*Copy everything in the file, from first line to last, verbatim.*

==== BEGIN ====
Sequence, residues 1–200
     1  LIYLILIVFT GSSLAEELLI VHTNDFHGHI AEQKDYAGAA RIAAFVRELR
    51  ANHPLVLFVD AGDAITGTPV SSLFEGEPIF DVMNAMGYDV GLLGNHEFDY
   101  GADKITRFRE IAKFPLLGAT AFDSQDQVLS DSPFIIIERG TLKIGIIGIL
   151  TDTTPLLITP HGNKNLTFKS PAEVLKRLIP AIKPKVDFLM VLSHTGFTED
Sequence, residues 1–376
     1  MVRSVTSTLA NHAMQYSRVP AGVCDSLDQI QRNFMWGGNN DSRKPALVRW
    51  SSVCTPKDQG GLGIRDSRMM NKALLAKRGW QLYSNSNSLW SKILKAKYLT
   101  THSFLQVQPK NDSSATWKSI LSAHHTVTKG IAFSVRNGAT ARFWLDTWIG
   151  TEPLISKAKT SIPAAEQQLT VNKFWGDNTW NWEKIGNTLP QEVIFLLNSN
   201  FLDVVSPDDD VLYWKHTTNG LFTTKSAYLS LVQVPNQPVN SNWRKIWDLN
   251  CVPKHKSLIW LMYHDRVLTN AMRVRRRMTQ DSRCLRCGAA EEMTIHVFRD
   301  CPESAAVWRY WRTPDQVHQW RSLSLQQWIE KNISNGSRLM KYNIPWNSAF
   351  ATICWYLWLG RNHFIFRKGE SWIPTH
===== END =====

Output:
Sequence, residues 1–200
     1  LIYLILIVFT GSSLAEELLI VHTNDFHGHI AEQKDYAGAA RIAAFVRELR
    51  ANHPLVLFVD AGDAITGTPV SSLFEGEPIF DVMNAMGYDV GLLGNHEFDY
   101  GADKITRFRE IAKFPLLGAT AFDSQDQVLS DSPFIIIERG TLKIGIIGIL
   151  TDTTPLLITP HGNKNLTFKS PAEVLKRLIP AIKPKVDFLM VLSHTGFTED
Sequence, residues 1–376
     1  MVRSVTSTLA NHAMQYSRVP AGVCDSLDQI QRNFMWGGNN DSRKPALVRW
    51  SSVCTPKDQG GLGIRDSRMM NKALLAKRGW QLYSNSNSLW SKILKAKYLT
   101  THSFLQVQPK NDSSATWKSI LSAHHTVTKG IAFSVRNGAT ARFWLDTWIG
   151  TEPLISKAKT SIPAAEQQLT VNKFWGDNTW NWEKIGNTLP QEVIFLLNSN
   201  FLDVVSPDDD VLYWKHTTNG LFTTKSAYLS LVQVPNQPVN SNWRKIWDLN
   251  CVPKHKSLIW LMYHDRVLTN AMRVRRRMTQ DSRCLRCGAA EEMTIHVFRD
   301  CPESAAVWRY WRTPDQVHQW RSLSLQQWIE KNISNGSRLM KYNIPWNSAF
   351  ATICWYLWLG RNHFIFRKGE SWIPTH